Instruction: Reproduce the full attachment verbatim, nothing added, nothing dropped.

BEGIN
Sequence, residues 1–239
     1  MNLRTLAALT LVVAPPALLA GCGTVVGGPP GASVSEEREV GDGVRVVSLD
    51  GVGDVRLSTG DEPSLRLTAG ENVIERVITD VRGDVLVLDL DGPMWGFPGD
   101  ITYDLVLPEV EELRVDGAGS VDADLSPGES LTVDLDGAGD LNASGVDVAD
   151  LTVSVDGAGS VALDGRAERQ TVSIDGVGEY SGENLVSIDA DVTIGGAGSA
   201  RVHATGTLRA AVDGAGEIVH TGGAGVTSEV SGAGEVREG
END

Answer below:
Sequence, residues 1–239
     1  MNLRTLAALT LVVAPPALLA GCGTVVGGPP GASVSEEREV GDGVRVVSLD
    51  GVGDVRLSTG DEPSLRLTAG ENVIERVITD VRGDVLVLDL DGPMWGFPGD
   101  ITYDLVLPEV EELRVDGAGS VDADLSPGES LTVDLDGAGD LNASGVDVAD
   151  LTVSVDGAGS VALDGRAERQ TVSIDGVGEY SGENLVSIDA DVTIGGAGSA
   201  RVHATGTLRA AVDGAGEIVH TGGAGVTSEV SGAGEVREG